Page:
Ah! I do not know about your oven, and if it is an OTG then you may indeed need to adjust the temperature selection. The first setting is to get the cake to rise quickly, the second one is to allow it to set more gently. I think you can probable stop your oven after the first timing, and reset it for the lower temperature. If it is an OTG you will need to read and understand the instructions for your oven, they vary, and can be tricky to use.
      Gemma 🙂

  19. Daphne on July 29, 2018 at 10:16 pm

    Dearest Gemma,
    If I only needs to bake in 1 temperature, how many degree C should I use? Because mine is conventional oven, I can’t bake in 2 diff temperature😞
    Thank you very much

    • Gemma Stafford on July 30, 2018 at 6:20 pm

      Hi Daphne,

      the Celsius temp is given in the recipe. It’s beside the farenheight.


  20. fuzma on July 29, 2018 at 12:03 pm

    Hi Gemma , I am Farah. This is my first try in baking and I tried Japanese cheese cake and it came out really well . I used cane sugar instead of refined sugar. Thank u so much for these wonderful recepies.I am excited to try more of your receipies.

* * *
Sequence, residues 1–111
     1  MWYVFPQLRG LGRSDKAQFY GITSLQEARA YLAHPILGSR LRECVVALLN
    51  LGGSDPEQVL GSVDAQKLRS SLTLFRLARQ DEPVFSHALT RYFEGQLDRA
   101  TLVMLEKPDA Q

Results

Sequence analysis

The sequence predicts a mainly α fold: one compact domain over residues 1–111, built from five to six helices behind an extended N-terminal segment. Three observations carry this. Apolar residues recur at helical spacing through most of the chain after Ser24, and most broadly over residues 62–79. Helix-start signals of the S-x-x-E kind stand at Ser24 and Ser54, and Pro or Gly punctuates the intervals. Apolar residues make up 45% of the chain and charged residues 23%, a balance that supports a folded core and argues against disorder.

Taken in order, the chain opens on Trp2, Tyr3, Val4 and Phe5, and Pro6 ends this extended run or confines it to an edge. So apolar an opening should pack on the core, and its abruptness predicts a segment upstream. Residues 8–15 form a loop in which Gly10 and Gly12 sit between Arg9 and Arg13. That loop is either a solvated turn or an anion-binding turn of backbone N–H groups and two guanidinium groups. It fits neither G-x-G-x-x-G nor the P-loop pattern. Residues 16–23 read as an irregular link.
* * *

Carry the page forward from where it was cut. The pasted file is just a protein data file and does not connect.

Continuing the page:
• Gemma Stafford on July 29, 2018 at 4:42 pm

      I’m delighted to hear you had success!!!


  21. Kevin Wijaya on July 21, 2018 at 10:46 pm

    Hi gemma. Can u explain how you bake it ?
    I mean, are u using top heat or bottom, or both at the same time ?

    • Gemma Stafford on July 22, 2018 at 3:18 pm


      It’s just a regular oven. Bake without fan for the time I gave.

      Hope this is clear.

  22. Kristine Carlson on July 20, 2018 at 10:10 am

    How many calories are in a serving?

    • Gemma Stafford on July 20, 2018 at 11:24 am

      Hi Kristine,
      depending on the serving, 2 ozs/80g will be about 250 calories. this is of course a small portion.
      I have not quantified this exactly, this is a rough calculation,
      Gemma 🙂

  23. kageyama on July 19, 2018 at 1:14 am

    Hi Gemma,
    Thank you for sharing your recipe. Honestly, I am not fond of cheesecakes, but when i tried your recipe I started liking it. It ha a very fine and soft and fluffy texture. I started baking cheesecake with your recipe only 3 days ago, and everyday my siblings asked me if baked for the day. Whenever I took one out of the oven, the plate gets empty in a second.
    Again, thank you for the inspiring recipe.
    Have a wonderful day.😃

    • Gemma Stafford on July 19, 2018 at 1:16 am

      Hi there,
      Thank you for your lovely review, and little story too. you are very good to your siblings, I am sure they appreciate your efforts too.
      Good to have you baking with us,
      Gemma 🙂

  24. Lori on July 17, 2018 at 2:57 pm

    Hi Gemma,